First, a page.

Shigeo Iizuka, who served for 14 years as the head of a group representing families of Japanese citizens abducted by North Korea in the 1970s and 1980s, died early Saturday morning. He was 83.
Due to poor health, Iizuka stepped down from the post last week, transferring leadership to Takuya Yokota, the younger brother of abductee Megumi Yokota, who has long been seen as a symbolic figure among those taken by North Korea.
A native of Tokyo, Iizuka, whose younger sister, Yaeko Taguchi, was abducted by North Korea, headed the group from 2007, succeeding Yokota's father, Shigeru, who was its first leader.
Yokota's sister, Megumi, was kidnapped while on her way home from school at the age of 13 in 1977, while Taguchi was abducted at age 22 in 1978.
"I'm truly sorry that he passed away without reuniting with his sister," Prime Minister Fumio Kishida told reporters.
Chief Cabinet Secretary Hirokazu Matsuno said, "I'm filled with intense remorse as we failed to bring his sister back while he was alive and realize their reunion in Japan." Matsuno is also the minister in charge of the abductions issue.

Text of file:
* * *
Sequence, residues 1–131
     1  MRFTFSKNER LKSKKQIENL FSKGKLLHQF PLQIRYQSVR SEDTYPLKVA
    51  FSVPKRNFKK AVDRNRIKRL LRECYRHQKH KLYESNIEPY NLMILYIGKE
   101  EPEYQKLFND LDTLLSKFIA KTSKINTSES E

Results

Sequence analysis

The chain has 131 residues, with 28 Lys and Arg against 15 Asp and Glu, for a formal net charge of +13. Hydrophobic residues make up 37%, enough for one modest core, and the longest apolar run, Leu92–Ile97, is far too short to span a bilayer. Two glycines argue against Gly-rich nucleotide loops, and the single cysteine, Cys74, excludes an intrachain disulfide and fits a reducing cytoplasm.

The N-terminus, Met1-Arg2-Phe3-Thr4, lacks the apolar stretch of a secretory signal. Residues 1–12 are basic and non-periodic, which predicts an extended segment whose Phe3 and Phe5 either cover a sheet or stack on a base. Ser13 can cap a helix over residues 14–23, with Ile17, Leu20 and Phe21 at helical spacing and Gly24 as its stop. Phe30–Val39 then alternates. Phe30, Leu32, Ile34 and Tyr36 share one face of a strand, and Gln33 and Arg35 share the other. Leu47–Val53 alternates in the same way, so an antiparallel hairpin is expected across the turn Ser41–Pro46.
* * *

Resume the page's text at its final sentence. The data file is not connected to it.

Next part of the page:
Shigeru Yokota resigned due to health reasons after having served as the group's chief for over 10 years until November 2007. He died in June 2020 at the age of 87 without ever being reunited with Megumi.
Deaths of the group's aging leaders have underscored how its membership is slowly dwindling as many abductee relatives grow old in the decades since the disappearances.
Iizuka raised his abducted sister's son, Koichiro Iizuka, who became the secretary-general of the family group with the change of leadership last week.
During a meeting with Prime Minister Fumio Kishida shortly after assuming the post in October, Iizuka vowed to "never give up" on settling the issue.
"It is disappointing that there has been no progress in the abduction issue despite the countless changes in prime ministers," he said.
Iizuka met with then-U.S. President Donald Trump in Tokyo when he visited the Japanese capital in 2017 and 2019 to seek U.S. cooperation to resolve the abduction issue.
The past abduction of Japanese citizens by North Korean agents has been a major stumbling block for a peace treaty between Tokyo and Pyongyang, along with the reclusive country's nuclear and missile development.
The Japanese government officially lists 17 citizens as having been abducted by North Korean agents and suspects Pyongyang's involvement in a number of other disappearances of Japanese nationals.
Of the 17, five were repatriated in 2002 following then-Prime Minister Junichiro Koizumi's visit to North Korea. While Japan continues to seek the return of the remaining 12, North Korea maintains that eight have died and the other four never entered the country.
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